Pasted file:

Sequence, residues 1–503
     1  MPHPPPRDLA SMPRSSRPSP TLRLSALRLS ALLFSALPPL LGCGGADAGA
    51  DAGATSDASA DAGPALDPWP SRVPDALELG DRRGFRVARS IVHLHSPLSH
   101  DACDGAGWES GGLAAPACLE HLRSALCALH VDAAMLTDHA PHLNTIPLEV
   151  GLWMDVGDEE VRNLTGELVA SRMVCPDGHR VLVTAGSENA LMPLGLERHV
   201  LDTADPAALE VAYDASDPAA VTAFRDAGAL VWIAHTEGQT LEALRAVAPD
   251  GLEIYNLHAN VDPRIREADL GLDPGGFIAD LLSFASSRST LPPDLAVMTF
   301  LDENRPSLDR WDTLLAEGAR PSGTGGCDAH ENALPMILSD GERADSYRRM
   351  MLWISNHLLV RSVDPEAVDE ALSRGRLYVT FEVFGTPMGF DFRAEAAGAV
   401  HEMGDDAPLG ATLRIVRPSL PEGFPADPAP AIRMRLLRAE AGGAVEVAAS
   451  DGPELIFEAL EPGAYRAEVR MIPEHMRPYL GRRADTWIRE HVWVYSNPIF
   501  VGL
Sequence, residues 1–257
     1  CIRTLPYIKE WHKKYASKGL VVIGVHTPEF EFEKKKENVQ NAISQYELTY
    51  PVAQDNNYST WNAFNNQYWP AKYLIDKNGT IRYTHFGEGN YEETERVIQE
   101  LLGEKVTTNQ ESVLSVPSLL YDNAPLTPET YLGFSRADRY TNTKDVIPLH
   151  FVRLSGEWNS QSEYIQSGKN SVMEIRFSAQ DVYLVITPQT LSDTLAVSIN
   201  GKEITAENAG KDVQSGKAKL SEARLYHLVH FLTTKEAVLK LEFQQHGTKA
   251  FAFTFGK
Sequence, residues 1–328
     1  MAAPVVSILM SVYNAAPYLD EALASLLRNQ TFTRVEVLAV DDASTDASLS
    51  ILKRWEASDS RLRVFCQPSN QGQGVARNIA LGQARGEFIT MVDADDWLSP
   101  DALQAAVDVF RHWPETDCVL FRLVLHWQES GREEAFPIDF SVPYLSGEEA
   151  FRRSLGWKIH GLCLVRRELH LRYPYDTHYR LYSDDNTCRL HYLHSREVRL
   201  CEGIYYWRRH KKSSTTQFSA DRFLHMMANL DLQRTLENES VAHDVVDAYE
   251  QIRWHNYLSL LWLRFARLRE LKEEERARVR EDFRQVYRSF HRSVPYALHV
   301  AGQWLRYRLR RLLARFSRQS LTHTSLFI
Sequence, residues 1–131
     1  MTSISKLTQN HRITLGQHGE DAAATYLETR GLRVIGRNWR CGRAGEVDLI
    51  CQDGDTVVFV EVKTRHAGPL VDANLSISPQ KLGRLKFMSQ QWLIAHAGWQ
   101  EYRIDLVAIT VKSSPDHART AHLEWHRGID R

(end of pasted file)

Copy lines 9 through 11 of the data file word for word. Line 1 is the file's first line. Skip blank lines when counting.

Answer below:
   351  MLWISNHLLV RSVDPEAVDE ALSRGRLYVT FEVFGTPMGF DFRAEAAGAV
   401  HEMGDDAPLG ATLRIVRPSL PEGFPADPAP AIRMRLLRAE AGGAVEVAAS
   451  DGPELIFEAL EPGAYRAEVR MIPEHMRPYL GRRADTWIRE HVWVYSNPIF